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One Brain to Teach Them All

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From left, Chelsea Finn, Sergey Levine, and Pieter Abbeel help the robot BRETT get a peg into a hole.

Increasingly, robot memory and processing are moving out of the lab and into the cloud.

Credit: Peter Earl McCollough/The New York Times

When visitors first encounter the Berkeley Robot for the Elimination of Tedious Tasks, or BRETT, they assume there must be a hard-working electronic brain hiding behind the eye-like cameras in its head. After all, the robot is capable of learning some impressive tasks, such as connecting LEGO bricks. Yet BRETT extends beyond its physical, humanoid shell.

"Essentially none of the computation happens inside the robot, even though it has four computers inside," says computer scientist Pieter Abbeel of the University of California, Berkeley. Instead, more powerful desktops in Abbeel's lab process the data BRETT gathers, then send the robot commands. "We almost never compute on the robot," adds Abbeel. "Why would you?"

This approach has been common in robotics for years, but now there's a larger shift underway. Memory and processing are moving out of the lab and into the cloud. In part, the rise of what has become known as cloud robotics is happening out of necessity. Artificial intelligence and learning algorithms command more compute power, and the data captured by each robot's sensors demand more memory, so it is natural to move this workload to the cloud.

However, the shift is also sparking new ideas about how to accelerate robot learning. Instead of each robot mastering tasks independently, cloud-connected machines could share their knowledge and experiences. Robots could actually start to teach each other.

The potential benefits of self-taught robots are numerous. Today, a software engineer can write code for a robot to complete a specific task, which can take months. "We'd rather have the robot figure out how to do things for itself and tell others how to do it," says Brown University roboticist John Oberlin.

The self-driving cars at Google already take advantage of the cloud. When one vehicle learns to navigate through an intersection, so do all the other self-driving cars. However, what about the world outside the Googleplex?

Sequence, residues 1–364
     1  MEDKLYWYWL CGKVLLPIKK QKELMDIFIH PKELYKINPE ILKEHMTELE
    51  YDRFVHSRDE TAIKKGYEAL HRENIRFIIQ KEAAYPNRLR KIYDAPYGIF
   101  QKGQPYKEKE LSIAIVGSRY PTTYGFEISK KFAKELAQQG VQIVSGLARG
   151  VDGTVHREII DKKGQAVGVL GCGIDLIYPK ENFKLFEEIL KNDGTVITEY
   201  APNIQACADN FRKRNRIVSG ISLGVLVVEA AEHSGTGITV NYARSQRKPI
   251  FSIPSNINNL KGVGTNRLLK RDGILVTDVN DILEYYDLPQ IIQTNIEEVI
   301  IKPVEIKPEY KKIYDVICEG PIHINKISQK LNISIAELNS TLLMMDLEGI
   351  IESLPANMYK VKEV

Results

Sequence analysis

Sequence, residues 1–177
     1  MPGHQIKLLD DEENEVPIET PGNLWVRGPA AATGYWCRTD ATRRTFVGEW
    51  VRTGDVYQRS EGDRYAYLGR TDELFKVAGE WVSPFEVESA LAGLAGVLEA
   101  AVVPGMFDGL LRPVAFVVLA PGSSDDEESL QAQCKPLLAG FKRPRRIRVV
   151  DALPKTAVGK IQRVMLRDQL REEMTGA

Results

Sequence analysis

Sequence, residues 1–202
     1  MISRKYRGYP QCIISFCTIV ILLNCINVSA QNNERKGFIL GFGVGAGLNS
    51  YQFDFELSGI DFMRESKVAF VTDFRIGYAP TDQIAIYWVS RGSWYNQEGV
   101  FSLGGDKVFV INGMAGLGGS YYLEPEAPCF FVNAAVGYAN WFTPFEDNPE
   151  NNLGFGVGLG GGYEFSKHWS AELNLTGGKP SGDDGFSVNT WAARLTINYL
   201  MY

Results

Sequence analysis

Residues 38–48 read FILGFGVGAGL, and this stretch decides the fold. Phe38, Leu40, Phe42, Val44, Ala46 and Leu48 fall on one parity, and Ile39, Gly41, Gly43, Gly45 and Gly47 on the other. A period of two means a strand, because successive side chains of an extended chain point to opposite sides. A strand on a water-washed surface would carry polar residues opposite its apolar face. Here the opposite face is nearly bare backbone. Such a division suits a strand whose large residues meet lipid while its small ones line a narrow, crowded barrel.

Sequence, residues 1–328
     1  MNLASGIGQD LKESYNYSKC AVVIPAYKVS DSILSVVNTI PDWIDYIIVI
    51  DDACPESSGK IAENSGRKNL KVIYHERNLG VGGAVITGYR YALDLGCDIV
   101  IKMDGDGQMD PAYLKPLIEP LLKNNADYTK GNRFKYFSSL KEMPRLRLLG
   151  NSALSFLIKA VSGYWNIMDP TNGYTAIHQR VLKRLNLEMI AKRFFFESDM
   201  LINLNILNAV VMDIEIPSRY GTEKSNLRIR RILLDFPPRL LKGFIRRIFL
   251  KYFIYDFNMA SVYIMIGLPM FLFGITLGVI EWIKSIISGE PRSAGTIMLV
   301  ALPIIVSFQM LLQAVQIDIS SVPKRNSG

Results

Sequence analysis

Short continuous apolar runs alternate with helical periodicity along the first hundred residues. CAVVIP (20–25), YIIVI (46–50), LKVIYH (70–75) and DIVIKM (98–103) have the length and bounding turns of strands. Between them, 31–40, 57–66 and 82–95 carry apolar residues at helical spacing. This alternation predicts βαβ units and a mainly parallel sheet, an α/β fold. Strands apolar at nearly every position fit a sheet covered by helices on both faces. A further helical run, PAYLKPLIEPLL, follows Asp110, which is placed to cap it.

Last year, Stanford University computer scientist Ashutosh Saxena launched RoboBrain, a massive knowledge database for robots. (RoboBrain is not the only such project; Google, which declined to comment for this article, filed a patent for a type of cloud-based robot brain in 2012.)

To allow machines to learn from one another, Saxena realized knowledge needed to be represented in a very general way. "Let's say you see a person operating an espresso machine," he says. "You don't want to store the exact video. That's not knowledge. That's just data." Saxena designed his system so that it would extract more general information, such as how the person moves his hand, which parts of the machine he touches, how he manipulates the lever, and the sequence of these events.

Saxena cites another experiment as a demonstration. First, a humanoid robot based in his old Cornell University lab learned to pick up and move different kinds of cups. The question was whether another robot, based at Brown University, could learn from that first robot's experience. These were different machines, with different motors and joints and grippers, so the lesson could not be too specific. Instructing a robot to grasp a handle with three fingers when it only has two would not be very helpful.

The Cornell robot, a PR2 humanoid from Willow Garage, passed more general knowledge into RoboBrain, including the basic attributes of different mugs and cups, the best places to grasp them, and the ideal orientation for setting them down safely. The second machine, one of Rethink Robotics' Baxter humanoids, then drew on this information to place mugs and cups onto small, table-like pedestals in its lab. "Baxter can't ask RoboBrain how to move its arm because RoboBrain doesn't know what Baxter looks like," Saxena says.

Instead, he said, the Baxter robot asks more general questions about what it sees. "These queries go to RoboBrain, which says, 'Those cups have handles, and if you give me pictures of the handles, I can tell you where to grab them'." Then it was up to Baxter to determine exactly how to grasp the mug in the suggested spot.

Moving mugs is only a small first step. The long-term goal is to create a massive cloud-based knowledge database that any robot could use to learn a wide range of tasks. Berkeley computer scientist Abbeel believes this could be tremendously impactful. "But it's also going to be very complex to make that all work," he cautions.

Gregory Mone is a Boston, MA-based writer and the author of the novel Dangerous Waters.


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